You’ve heard the recommendation to get something leafy green in your diet every day. I try to have a big green salad everyday to ensure I get that “green” food into my system. Green is good. Dark leafy greens are among the most nutrient dense foods you can eat.
Lately I have been in a bit of a “Swiss Chard” phase. I never included chard in my weekly grocery list but now it seems, I have a nice bunch of Swiss chard in my veggie drawer every week. It’s nutritious, tasty, versatile and delicious.
Swiss chard is as nutritional as kale. It is part of the spinach and beet family. It originated in the Mediterranean.
There are different varieties of chard. Some have red stalks and green leaves, some have yellow stalks and green leaves. You can buy rainbow chard with varying colors of stalks.
When preparing chard you do use both the stalk and the leaf. It’s all nutrient dense. One cup of cooked chard with stems is low calorie with around 35 calories (depending on your preparation methods). There is about 3 grams of protein, 7 grams of carbohydrates, 4 grams of fiber and lots of vitamins and minerals, ie. high amounts of Vitamin A, good amounts of Vitamin C, Vitamin E, Vitamin K, Calcium, Copper, Magnesium, Manganese, Iron and Potassium. That’s all in one cup of chard.
There are many antioxidants in Swiss chard which help to fight free radicals in your body helping to ward off some diseases. There are polyphenols, Vitamin C, E and carotenoids such as beta-carotene.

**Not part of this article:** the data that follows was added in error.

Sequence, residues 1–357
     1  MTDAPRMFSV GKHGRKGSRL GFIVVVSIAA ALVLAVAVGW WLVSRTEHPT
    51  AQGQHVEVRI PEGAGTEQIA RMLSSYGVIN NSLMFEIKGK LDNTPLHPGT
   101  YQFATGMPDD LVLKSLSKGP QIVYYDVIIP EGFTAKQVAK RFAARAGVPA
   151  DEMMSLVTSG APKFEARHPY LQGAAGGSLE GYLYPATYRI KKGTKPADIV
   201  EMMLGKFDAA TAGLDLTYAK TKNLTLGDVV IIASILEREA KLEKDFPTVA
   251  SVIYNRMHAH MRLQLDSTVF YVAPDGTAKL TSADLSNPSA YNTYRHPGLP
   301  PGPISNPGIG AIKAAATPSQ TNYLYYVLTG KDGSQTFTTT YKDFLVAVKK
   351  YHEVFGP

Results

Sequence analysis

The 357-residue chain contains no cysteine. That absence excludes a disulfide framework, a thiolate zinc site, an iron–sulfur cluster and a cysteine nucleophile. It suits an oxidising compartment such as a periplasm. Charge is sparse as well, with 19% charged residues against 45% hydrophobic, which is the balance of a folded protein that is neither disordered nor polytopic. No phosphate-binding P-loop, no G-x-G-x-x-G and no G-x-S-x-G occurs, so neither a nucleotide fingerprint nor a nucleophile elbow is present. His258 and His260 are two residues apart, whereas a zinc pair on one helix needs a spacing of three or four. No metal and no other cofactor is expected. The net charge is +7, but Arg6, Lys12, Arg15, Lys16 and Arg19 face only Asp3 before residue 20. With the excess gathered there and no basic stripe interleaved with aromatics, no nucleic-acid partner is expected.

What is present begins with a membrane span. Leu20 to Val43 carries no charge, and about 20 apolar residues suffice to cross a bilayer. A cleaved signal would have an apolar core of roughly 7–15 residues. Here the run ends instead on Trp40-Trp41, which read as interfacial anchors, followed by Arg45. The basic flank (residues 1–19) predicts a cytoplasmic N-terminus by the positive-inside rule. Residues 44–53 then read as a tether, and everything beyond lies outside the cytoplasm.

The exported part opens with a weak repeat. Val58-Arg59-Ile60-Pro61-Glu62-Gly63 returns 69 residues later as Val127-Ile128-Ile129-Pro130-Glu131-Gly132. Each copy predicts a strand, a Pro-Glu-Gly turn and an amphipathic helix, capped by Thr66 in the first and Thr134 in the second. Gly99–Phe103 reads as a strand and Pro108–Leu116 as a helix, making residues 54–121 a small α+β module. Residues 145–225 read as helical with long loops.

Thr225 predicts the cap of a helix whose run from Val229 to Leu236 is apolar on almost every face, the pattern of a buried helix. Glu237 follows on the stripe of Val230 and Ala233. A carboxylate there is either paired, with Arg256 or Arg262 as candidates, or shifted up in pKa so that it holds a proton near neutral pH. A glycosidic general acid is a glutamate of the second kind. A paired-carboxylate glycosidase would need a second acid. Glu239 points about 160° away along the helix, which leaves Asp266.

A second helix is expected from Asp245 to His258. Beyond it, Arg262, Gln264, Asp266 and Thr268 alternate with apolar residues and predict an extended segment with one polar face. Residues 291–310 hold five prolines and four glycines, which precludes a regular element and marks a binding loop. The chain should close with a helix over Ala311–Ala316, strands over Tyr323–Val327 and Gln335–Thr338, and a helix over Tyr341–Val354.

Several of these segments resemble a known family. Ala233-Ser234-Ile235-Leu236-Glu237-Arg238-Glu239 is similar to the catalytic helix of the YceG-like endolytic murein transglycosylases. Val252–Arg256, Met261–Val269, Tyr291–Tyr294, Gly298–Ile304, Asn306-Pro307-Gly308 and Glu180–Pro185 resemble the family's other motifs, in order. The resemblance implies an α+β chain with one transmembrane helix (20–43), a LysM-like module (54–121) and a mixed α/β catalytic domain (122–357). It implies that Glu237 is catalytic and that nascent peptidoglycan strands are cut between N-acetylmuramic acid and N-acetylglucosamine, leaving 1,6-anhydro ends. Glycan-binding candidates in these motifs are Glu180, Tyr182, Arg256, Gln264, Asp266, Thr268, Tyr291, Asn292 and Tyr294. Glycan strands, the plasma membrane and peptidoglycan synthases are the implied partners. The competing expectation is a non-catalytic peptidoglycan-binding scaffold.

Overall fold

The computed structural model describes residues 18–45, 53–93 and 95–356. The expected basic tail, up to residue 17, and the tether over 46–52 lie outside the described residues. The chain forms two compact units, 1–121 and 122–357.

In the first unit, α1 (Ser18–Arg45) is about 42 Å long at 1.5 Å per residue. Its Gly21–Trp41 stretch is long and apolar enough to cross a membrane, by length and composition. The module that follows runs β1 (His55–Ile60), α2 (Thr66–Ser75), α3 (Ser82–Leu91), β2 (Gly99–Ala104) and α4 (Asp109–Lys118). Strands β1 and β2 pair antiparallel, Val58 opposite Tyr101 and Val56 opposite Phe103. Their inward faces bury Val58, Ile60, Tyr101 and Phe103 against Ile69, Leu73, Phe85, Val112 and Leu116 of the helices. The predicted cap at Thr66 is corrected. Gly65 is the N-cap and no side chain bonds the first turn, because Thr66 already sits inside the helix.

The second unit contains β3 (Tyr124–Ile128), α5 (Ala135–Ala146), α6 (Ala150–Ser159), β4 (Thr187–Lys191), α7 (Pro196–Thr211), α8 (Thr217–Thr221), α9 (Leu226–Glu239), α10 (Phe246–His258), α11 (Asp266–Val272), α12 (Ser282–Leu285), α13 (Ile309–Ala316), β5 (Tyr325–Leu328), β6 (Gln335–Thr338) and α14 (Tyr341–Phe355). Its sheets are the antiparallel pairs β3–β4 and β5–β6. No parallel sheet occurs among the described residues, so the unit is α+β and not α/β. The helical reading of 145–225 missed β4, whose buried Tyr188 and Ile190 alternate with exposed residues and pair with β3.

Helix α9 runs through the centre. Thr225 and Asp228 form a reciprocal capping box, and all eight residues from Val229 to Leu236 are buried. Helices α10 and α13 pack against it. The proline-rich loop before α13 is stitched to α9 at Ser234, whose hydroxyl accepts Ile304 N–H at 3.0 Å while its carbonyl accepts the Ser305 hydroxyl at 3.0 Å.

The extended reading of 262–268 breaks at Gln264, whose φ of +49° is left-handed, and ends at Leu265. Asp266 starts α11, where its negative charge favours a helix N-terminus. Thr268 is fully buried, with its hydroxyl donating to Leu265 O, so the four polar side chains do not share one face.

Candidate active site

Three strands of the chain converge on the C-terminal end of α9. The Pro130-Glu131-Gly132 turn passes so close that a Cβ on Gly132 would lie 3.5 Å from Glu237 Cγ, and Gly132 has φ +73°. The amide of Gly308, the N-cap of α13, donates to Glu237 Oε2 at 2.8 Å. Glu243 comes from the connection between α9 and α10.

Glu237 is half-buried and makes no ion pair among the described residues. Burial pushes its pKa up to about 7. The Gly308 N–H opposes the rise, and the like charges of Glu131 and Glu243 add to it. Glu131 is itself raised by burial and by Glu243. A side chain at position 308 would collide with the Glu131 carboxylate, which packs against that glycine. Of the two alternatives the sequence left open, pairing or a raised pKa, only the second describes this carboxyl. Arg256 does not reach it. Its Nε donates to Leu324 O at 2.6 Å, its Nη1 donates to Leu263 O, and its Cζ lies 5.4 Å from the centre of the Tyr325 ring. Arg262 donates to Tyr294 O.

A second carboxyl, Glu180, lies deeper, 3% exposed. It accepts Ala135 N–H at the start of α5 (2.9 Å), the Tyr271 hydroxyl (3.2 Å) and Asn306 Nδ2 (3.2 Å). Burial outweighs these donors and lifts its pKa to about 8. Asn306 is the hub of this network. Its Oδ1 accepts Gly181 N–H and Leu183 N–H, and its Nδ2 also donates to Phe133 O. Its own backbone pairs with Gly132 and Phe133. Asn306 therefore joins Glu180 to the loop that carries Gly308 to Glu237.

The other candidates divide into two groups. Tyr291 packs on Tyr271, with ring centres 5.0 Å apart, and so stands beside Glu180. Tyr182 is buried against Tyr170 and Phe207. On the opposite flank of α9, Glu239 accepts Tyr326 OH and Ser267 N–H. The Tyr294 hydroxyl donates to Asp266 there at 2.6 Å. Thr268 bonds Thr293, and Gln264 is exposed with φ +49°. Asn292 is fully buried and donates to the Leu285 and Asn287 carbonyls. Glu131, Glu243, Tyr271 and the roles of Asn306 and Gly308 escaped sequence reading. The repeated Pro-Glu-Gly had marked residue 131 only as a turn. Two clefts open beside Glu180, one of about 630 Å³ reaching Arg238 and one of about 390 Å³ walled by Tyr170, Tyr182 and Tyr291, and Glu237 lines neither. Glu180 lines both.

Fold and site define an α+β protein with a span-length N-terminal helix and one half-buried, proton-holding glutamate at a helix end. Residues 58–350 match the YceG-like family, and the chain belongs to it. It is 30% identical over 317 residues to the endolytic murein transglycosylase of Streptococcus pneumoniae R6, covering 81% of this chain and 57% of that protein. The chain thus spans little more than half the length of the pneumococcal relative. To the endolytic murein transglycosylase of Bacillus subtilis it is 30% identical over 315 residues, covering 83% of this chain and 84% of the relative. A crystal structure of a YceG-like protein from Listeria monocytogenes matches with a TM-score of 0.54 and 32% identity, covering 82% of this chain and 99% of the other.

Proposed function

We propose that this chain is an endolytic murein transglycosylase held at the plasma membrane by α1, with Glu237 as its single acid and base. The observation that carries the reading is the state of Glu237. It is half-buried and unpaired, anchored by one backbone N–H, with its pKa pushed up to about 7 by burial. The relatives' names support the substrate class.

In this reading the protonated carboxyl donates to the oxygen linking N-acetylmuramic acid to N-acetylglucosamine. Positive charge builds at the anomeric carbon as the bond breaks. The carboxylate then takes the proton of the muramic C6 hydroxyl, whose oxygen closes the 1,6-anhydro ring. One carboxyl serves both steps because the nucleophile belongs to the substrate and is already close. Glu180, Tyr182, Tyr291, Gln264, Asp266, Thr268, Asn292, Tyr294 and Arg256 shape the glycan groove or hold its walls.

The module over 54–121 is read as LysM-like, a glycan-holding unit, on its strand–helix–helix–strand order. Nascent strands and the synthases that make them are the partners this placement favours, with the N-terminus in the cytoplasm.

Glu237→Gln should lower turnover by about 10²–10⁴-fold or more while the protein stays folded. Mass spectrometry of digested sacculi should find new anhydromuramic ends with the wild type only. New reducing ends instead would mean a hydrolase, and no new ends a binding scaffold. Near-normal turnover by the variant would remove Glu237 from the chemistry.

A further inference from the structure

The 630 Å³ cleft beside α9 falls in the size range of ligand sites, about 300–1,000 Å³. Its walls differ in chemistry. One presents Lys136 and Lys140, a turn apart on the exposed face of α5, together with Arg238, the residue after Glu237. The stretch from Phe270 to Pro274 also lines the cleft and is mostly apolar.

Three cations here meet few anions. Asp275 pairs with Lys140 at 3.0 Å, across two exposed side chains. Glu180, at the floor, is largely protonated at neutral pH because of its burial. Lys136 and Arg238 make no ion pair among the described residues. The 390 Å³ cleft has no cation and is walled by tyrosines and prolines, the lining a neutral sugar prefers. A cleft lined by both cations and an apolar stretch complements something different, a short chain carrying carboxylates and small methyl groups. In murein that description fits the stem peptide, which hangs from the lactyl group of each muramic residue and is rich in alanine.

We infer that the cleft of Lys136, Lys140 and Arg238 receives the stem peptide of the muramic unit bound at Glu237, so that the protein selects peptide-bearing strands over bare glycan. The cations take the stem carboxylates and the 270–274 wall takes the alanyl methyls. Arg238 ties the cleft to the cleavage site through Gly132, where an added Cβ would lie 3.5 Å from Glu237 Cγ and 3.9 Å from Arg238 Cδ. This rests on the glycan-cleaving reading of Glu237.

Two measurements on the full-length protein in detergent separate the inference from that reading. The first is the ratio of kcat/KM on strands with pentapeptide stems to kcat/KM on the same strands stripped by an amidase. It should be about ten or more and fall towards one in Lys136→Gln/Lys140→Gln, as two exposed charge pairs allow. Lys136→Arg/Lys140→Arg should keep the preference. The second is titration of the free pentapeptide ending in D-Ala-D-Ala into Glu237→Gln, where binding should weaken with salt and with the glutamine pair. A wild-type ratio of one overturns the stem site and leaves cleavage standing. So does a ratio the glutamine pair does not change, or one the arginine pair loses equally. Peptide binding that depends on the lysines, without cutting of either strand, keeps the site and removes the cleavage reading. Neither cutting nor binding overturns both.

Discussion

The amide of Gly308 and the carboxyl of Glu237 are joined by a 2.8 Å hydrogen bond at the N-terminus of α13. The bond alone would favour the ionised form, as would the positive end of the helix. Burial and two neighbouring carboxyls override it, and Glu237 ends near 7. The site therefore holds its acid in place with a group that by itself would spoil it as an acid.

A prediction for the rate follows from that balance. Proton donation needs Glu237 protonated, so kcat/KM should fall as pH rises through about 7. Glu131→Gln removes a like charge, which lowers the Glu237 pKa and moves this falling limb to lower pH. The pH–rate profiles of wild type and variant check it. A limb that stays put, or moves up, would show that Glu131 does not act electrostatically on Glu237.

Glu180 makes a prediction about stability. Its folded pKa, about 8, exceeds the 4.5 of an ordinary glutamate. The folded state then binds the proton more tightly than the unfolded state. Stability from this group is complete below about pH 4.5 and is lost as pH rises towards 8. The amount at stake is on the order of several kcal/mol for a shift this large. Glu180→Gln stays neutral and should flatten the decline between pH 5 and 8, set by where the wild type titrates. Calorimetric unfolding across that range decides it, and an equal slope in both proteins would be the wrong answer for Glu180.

Swiss chard also contains many flavonoids and anti-inflammatory compounds that help your body fight development of cancer. Studies have shown that some of the flavonoids in chard help to lower blood pressure.
The fiber in chard is a very important part of our daily diet. We should be aiming to get a minimum of 35 grams of fiber a day. Including chard in your diet will help you reach that goal. This fiber helps keep your gut bacteria happy, promoting regular bowel function, keeping your cholesterol in check and maintaining blood sugar.
So you see….there are many reasons to add chard to your weekly veggie rotation. The evenings I serve chard as a side dish we skip the green salad as I know the chard is filling us with an abundance of goodness.
My favorite way to cook chard is simple and quick. I wash the leaves and stems. Separate the leafy greens from the stems. I dice the stems and sauté them in a deep sided skillet in a little bit of good olive oil. I include one diced onion and a tablespoon of minced garlic. Once the chard stems and onion are soft, I add the chopped leafy part of the chard. It will be a large heap in the skillet. I drizzle a 1/4 cup of water or vegetable stock over the leaves and allow the leaves to steam, turning occasionally. Once the leaves have softened I squeeze 1/2 of a lemon into the pan, add salt and pepper to taste. Sautéed a few minutes more. On the dinner plates, I grate a little bit of good Parmesan cheese on top. Yummy. Try it. It’s tasty, It’s easy and you are giving your body a hit of “green goodness”.